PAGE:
The administration itself has asked the Court to review, in the current term, the part of Obamacare that requires employers with more than 50 employees to provide their workers with coverage for a variety of birth-control drugs and pregnancy screening methods. This second challenge developed in more than five dozen lawsuits across the country, with conflicting results that the Supreme Court is likely to step in to resolve.
The third new legal protest that may reach the Justices in coming months is a claim, now under review by a federal appeals court in Washington, that the penalty provision that the court upheld last year is itself unconstitutional. The argument is that, since the Constitution requires that all tax and revenue measures must get their start in the House of Representatives, this provision is invalid because it originated in the Senate. A federal judge blocked that claim, on procedural grounds.
As part of that lawsuit, the challenging lawyers are contending that the individual mandate was explicitly not upheld by the Supreme Court last year, so it is open to different opposing arguments.
The fourth new challenge is just getting started in several federal courts around the country, and it apparently has major potential for disrupting Obamacare’s interdependent scheme of coverage and thus is growing in popularity with the law’s critics.
Under the law, if individuals’ income is too low for them to afford insurance coverage, they are exempted from the mandate to buy it and can expect to be eligible for government-provided medical care for the poor.
But the government wants many of those individuals to be able to shop for affordable coverage on the new “exchanges,” or insurance marketplaces, that the law creates. To make them eligible, Obamacare provides a tax credit they can apply toward insurance premiums. The tax credit offer is considered vital to making the exchanges work, to assure that many of the nation’s lower income families get covered, and to assure that there are enough customers to keep insurance companies offering affordable policies in those exchanges.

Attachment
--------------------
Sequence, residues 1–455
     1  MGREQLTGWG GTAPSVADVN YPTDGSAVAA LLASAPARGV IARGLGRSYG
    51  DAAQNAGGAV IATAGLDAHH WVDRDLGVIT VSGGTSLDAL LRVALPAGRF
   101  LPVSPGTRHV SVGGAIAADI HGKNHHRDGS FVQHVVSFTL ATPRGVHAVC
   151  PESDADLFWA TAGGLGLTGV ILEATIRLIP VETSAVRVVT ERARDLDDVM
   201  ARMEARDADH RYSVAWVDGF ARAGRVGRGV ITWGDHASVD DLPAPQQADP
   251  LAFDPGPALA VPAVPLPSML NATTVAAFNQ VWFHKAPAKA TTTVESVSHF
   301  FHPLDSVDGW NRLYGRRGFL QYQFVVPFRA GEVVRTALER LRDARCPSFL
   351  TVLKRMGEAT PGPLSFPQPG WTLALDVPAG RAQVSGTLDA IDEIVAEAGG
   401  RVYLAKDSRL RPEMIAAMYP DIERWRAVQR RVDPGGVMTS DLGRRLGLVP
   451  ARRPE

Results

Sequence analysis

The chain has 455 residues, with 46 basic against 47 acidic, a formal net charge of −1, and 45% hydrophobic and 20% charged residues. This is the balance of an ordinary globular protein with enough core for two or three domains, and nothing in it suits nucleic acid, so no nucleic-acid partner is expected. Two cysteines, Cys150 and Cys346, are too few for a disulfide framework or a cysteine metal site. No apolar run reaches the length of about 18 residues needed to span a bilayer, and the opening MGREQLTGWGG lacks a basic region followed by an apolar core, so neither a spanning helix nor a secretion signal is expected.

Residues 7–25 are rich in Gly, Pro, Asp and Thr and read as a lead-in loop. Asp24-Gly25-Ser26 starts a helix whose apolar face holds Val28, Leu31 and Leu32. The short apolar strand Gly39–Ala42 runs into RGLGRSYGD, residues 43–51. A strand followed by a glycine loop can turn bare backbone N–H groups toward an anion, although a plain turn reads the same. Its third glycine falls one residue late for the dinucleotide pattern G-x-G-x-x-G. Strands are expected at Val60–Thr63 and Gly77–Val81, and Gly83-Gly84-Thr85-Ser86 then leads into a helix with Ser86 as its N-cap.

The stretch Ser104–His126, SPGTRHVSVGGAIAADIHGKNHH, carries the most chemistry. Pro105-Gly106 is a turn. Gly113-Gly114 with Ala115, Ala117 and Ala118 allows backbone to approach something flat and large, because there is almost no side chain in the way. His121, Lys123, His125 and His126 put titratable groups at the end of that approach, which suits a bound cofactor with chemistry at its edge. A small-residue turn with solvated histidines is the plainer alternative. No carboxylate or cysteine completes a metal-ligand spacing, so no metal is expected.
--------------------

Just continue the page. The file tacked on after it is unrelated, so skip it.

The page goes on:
The Internal Revenue Service has ruled that this tax credit will be available to lower income people in every exchange across the country. But the new lawsuits contend that the IRS has simply misapplied the law. The law, as they read its wording, says that the tax credit only applies to those shopping at an exchange run by a state government, not at the federal substitutes.
Obamacare gives the states the option of setting up their own exchanges. If they choose not to do so, the government will set up an exchange on its own. Thirty-four of the 50 states have refused to set up their own exchanges, so the government is setting up marketplaces, and the new lawsuits are based on the claim that the tax credits don't apply there at all.
Those lawsuits are being pursued by individuals who do not want to obtain health insurance, and they live in states running their own exchanges. They claim that, if the tax credit applies in those states, they will be forced into getting insurance from marketplaces because the tax credit will put the insurance premiums below the mandate’s threshold compared to their income level.
That challenge, a threat to the core of the exchange system, is on its surface only a test of what Congress meant in the language it put into the law about tax credits. Ultimately, though, it is a test of how much leeway the government has to write rules that make Obamacare actually work in practical terms, and that, too, has significant constitutional implications.
Lyle Denniston is the National Constitution Center’s adviser on constitutional literacy. He has reported on the Supreme Court for 55 years, currently covering it for SCOTUSblog, an online clearinghouse of information about the Supreme Court’s work.
Recent Constitution Daily Stories
Is Ted Cruz a natural-born citizen eligible to serve as president?
Oh Schuette! Did Romer put Seattle School District No. 1 to sleep?
Galloway and an invocation’s slow death
Why Obamacare’s individual mandate isn’t going away (for now)